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四国の八十八カ所巡り Shikoku 88-temple pilgrimage Japan

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Uploaded on Feb 18, 2010

[English description below]

四国八十八ケ所遍路旅に出かけました。平成21年8月から9月まで、野宿しながら四国­を回って、人とのお喋りを楽しんだり、お経を学んだり、また、遍路道を歩くといった日­常とかけ離れたことの中にやすらぎを覚えたりしてしました。大都会ロンドンの日常生活­に戻っても、「四国」にまだまだ影響されます。

その旅の写真を動画にました。興味のある方、ご覧下さい!

A video-collage of photos taken on my journey walking across Japan's Shikoku region; a mountainous island the size of Wales (or, Israel, Massachusetts and El Salvador!) , connected to the mainland by road as recently as 1998.

Shikoku is home to the "88 temple pilgrimage" associated with the founder of Shingon Buddhism Kobo Daishi or "Kukai". Beginning in Tokushima, the closest city to the mainland connection, the traditional walk (I walked from temple number one to temple 88, before returning to temple one) stretches 1,600km through mountains, forests, valleys and villages into one of the "remotest" parts of Japan. The route allows for some imagination and deviation; temples associated with deities part of the Shikoku journey flank the route, and there is the repeating option of avoiding roads to move through the pine-forested mountains. However remote some parts of the journey may be (notably the 85km stretch of road down to the south-western cape of Ashizuri) vending machines in the middle of nowhere remind you however that you are in Japan, and will not go thirsty.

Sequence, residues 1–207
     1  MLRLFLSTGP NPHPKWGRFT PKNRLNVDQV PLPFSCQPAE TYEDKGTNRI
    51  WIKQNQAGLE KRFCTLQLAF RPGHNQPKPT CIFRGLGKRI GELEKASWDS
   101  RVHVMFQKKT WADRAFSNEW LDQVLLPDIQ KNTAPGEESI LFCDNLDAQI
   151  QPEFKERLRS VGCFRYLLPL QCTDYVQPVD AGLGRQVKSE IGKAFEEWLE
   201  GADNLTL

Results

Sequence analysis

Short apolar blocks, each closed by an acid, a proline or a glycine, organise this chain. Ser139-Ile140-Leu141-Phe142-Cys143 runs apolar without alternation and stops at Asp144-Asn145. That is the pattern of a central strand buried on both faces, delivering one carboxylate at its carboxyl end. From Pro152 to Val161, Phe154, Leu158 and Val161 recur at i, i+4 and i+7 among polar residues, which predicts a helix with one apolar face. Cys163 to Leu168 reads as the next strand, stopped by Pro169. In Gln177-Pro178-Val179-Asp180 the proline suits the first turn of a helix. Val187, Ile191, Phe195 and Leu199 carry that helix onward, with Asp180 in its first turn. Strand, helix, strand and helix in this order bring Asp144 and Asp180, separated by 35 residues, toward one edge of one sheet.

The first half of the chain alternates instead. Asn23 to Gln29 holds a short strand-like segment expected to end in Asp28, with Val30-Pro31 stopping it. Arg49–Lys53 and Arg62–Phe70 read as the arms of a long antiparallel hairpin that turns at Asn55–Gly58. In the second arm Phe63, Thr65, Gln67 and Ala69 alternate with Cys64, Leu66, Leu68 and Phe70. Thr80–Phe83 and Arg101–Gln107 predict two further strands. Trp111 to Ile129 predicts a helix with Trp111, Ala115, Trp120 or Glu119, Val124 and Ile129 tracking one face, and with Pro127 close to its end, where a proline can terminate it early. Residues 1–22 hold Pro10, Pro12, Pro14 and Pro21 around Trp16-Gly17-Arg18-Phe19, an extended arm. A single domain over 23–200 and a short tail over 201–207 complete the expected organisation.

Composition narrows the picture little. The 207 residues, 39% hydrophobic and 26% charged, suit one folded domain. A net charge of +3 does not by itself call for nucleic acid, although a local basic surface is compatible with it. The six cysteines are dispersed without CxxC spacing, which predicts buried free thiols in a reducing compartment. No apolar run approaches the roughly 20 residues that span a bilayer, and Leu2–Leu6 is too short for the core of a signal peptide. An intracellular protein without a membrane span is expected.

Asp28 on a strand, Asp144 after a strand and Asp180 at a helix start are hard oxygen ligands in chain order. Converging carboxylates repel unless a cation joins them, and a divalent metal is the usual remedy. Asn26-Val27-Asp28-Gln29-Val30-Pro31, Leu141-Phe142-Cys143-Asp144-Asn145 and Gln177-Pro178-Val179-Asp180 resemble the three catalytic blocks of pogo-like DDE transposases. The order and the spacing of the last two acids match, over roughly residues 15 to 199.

The "pilgrimage" does not demand that the pilgrim is Buddhist at all; the commitment of the journey is enough for people to treat you as a "living Daishi". The receipt of alms is what makes the solo journey emotionally possible. The greatest experience is walking a sacred path walked for over 1,000 years; towards the final temple there is only one direct route down the mountain.

Signs appear occasionally insisting that "life is a pilgrimage". This was too cryptic; the pilgrimage for me was about people - Shikoku's residents and the occasional walking pilgrim. Avoid at all costs however, the "shugyou pilgrim", who will insist that you live off mayonnaise, bread, water and spirituality alone.

Every video has its limits. Beautiful moments don't always lend themselves to the taking of a photograph, the skin-clinging musk of the rainy season isn't easily transferred into images, you can't hear the lonely cuckoo on the wooded mountainside. A beautiful journey; the photos help to re-connect the distance between now and the time I had walking in Shikoku.

Anybody intending on walking the 88 temples are welcome to message me with questions.

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